NASCAR History: The Early Days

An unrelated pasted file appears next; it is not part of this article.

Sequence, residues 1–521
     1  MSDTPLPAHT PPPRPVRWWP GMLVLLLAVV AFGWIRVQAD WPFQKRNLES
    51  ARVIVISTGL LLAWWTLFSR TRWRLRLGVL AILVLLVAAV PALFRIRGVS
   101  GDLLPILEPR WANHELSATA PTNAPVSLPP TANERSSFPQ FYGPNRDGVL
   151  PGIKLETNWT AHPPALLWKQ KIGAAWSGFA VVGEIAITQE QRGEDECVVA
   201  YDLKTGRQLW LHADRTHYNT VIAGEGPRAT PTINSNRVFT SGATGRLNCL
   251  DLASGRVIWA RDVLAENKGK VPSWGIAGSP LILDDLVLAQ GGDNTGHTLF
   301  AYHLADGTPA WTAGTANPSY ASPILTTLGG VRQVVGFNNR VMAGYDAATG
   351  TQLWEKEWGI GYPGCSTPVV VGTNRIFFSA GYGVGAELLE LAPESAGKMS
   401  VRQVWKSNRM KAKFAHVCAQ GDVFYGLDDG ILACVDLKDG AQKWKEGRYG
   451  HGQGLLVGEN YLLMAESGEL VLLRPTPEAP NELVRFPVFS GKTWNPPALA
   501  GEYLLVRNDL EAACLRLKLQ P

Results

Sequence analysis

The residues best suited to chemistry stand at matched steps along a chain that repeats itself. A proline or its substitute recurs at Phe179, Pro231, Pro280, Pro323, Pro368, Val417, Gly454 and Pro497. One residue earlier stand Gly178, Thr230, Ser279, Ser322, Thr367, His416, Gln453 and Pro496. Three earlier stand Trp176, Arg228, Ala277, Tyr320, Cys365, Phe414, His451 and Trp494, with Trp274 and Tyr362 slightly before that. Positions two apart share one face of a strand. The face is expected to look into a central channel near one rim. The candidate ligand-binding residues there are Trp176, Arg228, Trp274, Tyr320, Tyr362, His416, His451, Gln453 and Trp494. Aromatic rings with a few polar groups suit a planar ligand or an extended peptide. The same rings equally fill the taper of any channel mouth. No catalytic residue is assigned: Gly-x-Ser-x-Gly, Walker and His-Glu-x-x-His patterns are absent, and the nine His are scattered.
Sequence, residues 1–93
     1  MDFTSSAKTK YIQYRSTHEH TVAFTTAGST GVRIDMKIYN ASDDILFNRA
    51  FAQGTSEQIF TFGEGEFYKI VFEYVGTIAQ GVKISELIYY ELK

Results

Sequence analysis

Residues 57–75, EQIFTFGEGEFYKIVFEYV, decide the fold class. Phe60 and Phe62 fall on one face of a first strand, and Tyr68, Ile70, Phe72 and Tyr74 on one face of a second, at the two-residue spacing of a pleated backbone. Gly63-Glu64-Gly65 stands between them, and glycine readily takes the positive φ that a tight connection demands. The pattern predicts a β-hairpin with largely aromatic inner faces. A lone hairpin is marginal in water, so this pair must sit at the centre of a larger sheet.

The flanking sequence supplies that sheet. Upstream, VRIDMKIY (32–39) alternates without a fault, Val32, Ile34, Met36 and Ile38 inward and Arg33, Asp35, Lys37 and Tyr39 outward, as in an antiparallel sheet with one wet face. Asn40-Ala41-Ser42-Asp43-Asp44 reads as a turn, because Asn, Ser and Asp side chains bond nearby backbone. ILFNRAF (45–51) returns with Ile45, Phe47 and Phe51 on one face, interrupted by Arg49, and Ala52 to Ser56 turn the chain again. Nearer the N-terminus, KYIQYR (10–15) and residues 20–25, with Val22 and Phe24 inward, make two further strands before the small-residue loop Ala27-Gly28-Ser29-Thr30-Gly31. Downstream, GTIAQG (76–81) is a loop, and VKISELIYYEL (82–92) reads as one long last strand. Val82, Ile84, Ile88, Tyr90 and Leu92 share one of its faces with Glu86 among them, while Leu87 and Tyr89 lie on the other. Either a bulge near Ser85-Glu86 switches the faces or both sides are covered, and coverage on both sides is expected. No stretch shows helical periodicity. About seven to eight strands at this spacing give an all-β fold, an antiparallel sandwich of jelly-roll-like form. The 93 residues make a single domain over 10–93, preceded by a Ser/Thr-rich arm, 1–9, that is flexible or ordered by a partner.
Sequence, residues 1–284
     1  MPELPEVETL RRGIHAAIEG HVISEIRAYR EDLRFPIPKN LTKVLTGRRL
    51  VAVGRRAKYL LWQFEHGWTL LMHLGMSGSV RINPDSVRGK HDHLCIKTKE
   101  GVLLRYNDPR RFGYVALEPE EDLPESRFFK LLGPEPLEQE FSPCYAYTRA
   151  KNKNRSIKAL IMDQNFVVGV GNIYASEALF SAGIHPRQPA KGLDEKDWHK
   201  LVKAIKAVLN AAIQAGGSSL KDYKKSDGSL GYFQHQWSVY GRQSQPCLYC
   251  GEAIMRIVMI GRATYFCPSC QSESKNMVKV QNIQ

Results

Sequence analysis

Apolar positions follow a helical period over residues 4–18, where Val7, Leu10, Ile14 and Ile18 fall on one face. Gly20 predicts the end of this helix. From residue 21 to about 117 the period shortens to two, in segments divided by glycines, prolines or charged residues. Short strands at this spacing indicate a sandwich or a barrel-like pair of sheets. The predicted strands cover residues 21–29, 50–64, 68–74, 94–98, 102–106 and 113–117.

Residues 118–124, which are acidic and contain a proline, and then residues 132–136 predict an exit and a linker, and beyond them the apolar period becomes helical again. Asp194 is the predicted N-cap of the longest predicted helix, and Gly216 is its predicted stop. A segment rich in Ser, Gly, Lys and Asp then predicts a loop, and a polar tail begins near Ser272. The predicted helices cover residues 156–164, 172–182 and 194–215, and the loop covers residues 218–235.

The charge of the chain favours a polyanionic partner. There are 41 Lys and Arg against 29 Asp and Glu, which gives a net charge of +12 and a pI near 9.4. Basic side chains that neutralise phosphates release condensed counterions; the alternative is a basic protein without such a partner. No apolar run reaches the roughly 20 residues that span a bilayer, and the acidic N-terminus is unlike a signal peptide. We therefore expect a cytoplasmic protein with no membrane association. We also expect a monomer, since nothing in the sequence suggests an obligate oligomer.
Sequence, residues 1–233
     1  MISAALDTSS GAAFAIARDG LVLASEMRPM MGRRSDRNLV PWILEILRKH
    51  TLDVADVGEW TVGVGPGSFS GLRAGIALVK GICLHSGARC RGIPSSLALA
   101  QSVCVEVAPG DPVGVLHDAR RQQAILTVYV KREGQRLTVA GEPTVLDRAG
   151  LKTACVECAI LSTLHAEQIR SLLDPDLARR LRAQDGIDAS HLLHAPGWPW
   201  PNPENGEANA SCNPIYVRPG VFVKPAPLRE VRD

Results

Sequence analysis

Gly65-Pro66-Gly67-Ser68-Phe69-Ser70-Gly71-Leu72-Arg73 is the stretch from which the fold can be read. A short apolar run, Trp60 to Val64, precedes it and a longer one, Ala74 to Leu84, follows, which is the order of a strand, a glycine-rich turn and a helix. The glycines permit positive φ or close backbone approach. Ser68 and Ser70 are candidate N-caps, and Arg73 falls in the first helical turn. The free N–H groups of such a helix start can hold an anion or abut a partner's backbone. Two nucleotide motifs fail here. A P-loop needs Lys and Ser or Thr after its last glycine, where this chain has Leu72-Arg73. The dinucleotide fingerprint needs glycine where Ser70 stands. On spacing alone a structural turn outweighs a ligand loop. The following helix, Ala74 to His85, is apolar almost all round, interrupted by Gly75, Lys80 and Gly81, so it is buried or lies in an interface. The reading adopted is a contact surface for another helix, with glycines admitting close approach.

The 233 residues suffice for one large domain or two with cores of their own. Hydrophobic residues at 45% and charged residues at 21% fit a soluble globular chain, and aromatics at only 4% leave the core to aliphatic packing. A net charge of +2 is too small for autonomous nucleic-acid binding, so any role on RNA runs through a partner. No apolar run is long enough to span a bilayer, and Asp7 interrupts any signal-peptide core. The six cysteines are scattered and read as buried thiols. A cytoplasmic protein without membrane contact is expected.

The official founding of NASCAR dates back to 1948, after a series of meetings at the Streamline Hotel in Daytona Beach, Florida. But the actual roots of the association go further back in time and about 600 miles north of Daytona, in the Appalachian Mountains. Deep in those remote highlands, the descendants of Irish whiskey makers crafted a potent version of their ancestors’ time-honored brew, known as “white lightning.” As Prohibition was in full swing at the time, the mountain men did their work secretly, by the light of the moon. Thus they earned the nickname “moonshiners.” Of course, as with any business, creating the product was only half the story. Distribution was handled by fast-driving daredevils, who had to outrun the lawmen who waited alongside the dark, winding mountain roads. To evade capture, the moonshine runners altered their stock automobiles with an eye towards speed and maneuverability. Many of them were so adept at handling a fast-moving car that they quickly became legends, as anyone who has ever heard the name Junior Johnson knows quite well. After Prohibition’s repeal on December 5, 1933 the moonshine business took a hit, and fellows like Junior looked for other ways to apply their skills. Auto racing was gaining ground as a popular event, and the former bootleggers took to the raceways. But not all the racecar drivers in those days had such colorful pasts. One of the more law-abiding ones was Bill France. A decent racer, his real skills lay in organization and promotion. He began to sponsor races in Daytona Beach and Jacksonville, Florida. By 1947 he saw the benefits that could be gained from having a single governing association for stock car racing. He held a series of meetings with 35 other men, who represented some of the finest driving talent of the day. The conferences culminated in the founding of the National Association for Stock Car Auto Racing on February 21, 1948. The rest, as they say, is history.